I won’t go to Mal-Wart unless I need a lot of stuff and do not feel like driving around town to several different places. I need dog chews so I might live another day, I need oil change stuff, I need a filter for my vacuum cleaner, I need some Goody’s Powers, and I need kitchen sponges. I like the kind with a sponge on one side and a scrub pad on the other. Either I can go to one place and get it all or go to several places and waste a lot of time shopping. It’s not the shopping that’s so bad but the checking out. I hate that part of it. Rarely can you just walk up and exchange money for stuff, and that be it. More on that later, I assure you, it’s coming.
I went to the Y this morning for Yoga and one of the women in the class brought a twelve year old with her. Her husband ( and yes, she told the entire class why she brought the kid, and gave us details we didn’t need, and yes, that is all part of why I wrote this, because other than going out with a large caliber automatic weapon that spews out superheated plasma charges in the general direction of morons, I write), anyway, her husband told her he wasn’t watching the kid because he wanted to mow grass but he was still sleeping in when she left. Damn, woman, just leave the kid at home, and let him wake your husband.
The kid is this bulging self absorbed little twit who is hooked up to one of those hand held games. He doesn’t realize, or he doesn’t care, he has to speak rather loudly to hear himself over the sound of his earbuds. “MOM I GOT TO GO TO THE BATHROOM!” “MOM I JUST GOT TO LEVEL NINETY-EIGHT!” “MOM CAN YOU HOLD THIS WHILE I STEAL YET ANOTHER MOMENT OF YOUR LIFE FROM YOU SO YOU WILL FOREVER BE OBLIGATED TO SERVE ME?” I just wanted to walk over and slap the shit out of him for treating her like that.
I knew better than to go shopping today. I knew there would be trouble after the disharmonious Yoga class. It began as soon as I stepped out of the truck, and there was a hypodermic needle lying in the parking lot. In South Georgia, no shoes no shirts no problem, but it’s the no shoes thing that might hold sway here. It’s creepy to find a needle. Always.
Because it’s barely after nine the place isn’t crowded, but there are always those idiots who cannot stay out of the way of those of us who are actually trying our best to get in, get the stuff, and get out. People in South Georgia think Mal Wart is an event for the whole family so they’ll have a family reunion in aisle three. I have to go around them because getting them to get the hell out of the way might mean they would have to have some semblance of courtesy.
Of course they do not have the oil or air filter I need, and I have to cross reference my number with their manual which is bigger than the annotated edition of the Independent Southern Baptist King James edition of the Holy Bible. I brought in my little note pad so I could write the number down, and after I find my number, so redneck wades in and tries to remember his number and can’t. He has to look it up again and before I can offer him the use of my notepad, he tears the whole page out of the Independent Southern Baptist King James edition of the Holy Bible catalog of oil and air filters and that way he doesn’t have to remember anything.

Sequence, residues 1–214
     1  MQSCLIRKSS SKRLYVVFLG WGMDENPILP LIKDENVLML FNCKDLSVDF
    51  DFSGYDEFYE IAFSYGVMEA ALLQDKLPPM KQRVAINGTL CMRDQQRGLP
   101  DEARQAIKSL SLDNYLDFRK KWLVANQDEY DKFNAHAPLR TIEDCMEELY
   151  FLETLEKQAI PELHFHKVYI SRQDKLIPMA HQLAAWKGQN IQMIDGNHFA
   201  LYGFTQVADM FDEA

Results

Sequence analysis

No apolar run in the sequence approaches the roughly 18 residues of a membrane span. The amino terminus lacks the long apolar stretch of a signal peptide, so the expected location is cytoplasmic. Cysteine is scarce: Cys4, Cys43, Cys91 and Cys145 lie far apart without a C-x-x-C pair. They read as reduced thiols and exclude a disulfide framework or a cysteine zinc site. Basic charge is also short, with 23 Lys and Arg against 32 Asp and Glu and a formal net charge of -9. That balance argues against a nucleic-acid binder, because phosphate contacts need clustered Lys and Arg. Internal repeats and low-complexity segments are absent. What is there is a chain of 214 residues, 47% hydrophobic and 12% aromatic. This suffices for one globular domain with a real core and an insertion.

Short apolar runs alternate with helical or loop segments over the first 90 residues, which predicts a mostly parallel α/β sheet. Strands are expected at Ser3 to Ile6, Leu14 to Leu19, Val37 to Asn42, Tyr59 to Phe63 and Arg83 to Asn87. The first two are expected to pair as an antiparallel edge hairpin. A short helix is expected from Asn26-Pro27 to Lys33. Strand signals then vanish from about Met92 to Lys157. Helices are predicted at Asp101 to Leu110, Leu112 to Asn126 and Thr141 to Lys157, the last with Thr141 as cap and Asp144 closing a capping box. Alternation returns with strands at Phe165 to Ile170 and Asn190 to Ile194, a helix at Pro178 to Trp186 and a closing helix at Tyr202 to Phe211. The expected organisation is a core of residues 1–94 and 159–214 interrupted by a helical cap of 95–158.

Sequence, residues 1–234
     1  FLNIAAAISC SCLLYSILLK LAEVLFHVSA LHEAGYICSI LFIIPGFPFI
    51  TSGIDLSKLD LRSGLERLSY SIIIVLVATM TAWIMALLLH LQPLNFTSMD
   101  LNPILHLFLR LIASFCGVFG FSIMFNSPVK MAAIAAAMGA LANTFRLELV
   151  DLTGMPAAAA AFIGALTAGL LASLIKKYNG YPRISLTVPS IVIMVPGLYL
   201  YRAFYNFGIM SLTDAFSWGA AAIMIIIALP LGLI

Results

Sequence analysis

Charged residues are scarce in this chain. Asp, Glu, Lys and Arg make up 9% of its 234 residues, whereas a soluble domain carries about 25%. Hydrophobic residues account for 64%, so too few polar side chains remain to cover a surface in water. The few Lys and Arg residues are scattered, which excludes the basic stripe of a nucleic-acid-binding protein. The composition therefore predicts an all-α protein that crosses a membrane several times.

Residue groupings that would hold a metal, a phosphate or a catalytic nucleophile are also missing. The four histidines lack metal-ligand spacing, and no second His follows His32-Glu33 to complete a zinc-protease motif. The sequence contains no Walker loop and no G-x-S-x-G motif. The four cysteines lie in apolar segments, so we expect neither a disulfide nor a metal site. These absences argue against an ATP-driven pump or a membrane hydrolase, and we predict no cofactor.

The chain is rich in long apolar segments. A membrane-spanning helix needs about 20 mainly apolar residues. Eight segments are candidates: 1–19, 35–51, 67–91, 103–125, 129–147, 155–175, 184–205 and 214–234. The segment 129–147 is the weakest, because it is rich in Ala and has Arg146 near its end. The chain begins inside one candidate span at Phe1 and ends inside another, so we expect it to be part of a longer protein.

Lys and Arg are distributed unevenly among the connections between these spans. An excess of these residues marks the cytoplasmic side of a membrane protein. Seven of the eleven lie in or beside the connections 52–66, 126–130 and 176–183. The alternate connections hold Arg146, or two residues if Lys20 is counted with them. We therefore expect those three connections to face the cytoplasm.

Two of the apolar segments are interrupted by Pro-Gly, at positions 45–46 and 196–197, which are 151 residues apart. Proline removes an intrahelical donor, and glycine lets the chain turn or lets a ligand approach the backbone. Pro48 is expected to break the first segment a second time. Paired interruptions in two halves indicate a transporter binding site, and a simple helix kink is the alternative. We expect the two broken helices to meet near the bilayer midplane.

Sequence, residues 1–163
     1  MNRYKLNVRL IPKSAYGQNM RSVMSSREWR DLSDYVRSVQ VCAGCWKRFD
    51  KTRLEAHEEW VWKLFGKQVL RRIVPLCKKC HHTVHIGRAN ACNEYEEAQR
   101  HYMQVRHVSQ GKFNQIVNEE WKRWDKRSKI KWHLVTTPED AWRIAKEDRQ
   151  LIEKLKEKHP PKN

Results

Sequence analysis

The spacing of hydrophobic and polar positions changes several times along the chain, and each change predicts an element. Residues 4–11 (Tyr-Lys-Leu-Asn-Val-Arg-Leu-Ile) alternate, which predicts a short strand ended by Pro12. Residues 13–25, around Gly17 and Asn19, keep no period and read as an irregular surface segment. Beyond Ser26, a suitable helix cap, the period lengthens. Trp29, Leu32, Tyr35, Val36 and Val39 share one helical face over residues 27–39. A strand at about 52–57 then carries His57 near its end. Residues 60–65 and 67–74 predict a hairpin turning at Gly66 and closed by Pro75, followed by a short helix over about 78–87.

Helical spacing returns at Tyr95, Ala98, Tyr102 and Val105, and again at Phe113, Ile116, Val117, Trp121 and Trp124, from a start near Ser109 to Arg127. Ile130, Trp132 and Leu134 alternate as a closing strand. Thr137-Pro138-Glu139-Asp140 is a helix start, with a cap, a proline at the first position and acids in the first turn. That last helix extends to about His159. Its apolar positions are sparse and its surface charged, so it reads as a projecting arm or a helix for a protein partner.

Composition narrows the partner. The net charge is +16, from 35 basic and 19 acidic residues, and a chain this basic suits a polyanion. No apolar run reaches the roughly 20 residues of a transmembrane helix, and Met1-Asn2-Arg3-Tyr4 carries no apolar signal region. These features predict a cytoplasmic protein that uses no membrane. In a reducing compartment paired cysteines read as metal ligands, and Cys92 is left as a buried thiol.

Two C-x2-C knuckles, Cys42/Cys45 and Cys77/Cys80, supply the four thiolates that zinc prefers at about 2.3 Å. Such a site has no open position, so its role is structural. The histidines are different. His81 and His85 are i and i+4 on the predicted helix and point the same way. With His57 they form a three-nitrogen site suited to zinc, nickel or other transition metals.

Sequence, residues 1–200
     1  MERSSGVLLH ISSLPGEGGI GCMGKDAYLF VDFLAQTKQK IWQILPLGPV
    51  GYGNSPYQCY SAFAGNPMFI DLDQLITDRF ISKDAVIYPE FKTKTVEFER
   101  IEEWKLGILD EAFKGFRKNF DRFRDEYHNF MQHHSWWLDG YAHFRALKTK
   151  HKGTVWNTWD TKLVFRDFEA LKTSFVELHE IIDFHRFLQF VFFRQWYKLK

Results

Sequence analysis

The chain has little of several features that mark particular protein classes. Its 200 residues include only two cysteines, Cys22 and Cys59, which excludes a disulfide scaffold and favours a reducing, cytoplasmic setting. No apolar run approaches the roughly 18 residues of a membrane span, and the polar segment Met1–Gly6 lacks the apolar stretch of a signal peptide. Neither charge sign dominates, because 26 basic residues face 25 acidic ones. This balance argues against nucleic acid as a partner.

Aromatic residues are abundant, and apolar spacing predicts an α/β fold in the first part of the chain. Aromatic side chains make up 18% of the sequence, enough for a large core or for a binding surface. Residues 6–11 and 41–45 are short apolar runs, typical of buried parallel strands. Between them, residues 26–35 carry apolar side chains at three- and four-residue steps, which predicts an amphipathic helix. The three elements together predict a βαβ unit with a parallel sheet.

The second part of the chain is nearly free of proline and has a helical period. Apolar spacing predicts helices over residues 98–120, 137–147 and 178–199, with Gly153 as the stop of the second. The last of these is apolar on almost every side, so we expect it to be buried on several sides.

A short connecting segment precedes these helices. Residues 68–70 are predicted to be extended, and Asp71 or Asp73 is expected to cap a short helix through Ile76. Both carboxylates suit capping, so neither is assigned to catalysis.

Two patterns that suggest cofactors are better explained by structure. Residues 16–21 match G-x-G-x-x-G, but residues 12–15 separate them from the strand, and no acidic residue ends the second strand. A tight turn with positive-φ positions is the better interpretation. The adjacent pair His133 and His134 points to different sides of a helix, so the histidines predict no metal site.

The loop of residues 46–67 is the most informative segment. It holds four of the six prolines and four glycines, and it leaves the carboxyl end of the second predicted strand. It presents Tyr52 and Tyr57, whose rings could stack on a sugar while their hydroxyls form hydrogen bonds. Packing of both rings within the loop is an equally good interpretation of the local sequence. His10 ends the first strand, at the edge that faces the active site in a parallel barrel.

Remember what I said about check out? Okay, there is a woman, one woman, in front of me at the checkout in the Garden Center. I almost, very nearly, bail, because she’s got a lot of stuff, and the cashier looks less than inspired. Worse, her fellow employees are morons. One wades into the middle of the sale for a price check, and a discussion as to whether or not the price on the tag is the right price. Apparently less –than- inspired-chick is the keeper of the keys, because someone asks her what key unlocks what lock to get the bikes out ( this will show up very soon, and not in my favor) and finally someone calls her on her cell phone and she has to answer it or life as we know it will end.
Remember the bike? Seem while the woman ahead of me was putting all her cheap plastic shit on the counter to be rung up, her mother was trying to buy a bike. Not a real bike, mind you, but one of those tiny kid’s bikes that will last a week or so before it gets destroyed. They have to discuss this and I ask them if perhaps they should make their purchasing decisions before they get into the line which is supposed to be for buying, not deciding.
“It’s for his birthday!” the mother huffs at me, and very nearly I told her for his birthday she could take that piece of crap bike and stick up her very large butt. To push me over the edge, she then pulls out a check to pay for it all.
It occurs to me people will let their kids take over their lives to the point it interferes with their health. It causes people to overfeed the little bastards, and obviously some of them aren’t exercising enough. It occurs to me we’re spending way too much money on them, and getting far too little in return for it. It occurs to me one day these people will be adults, and all I can truly hope is they all have children of their own.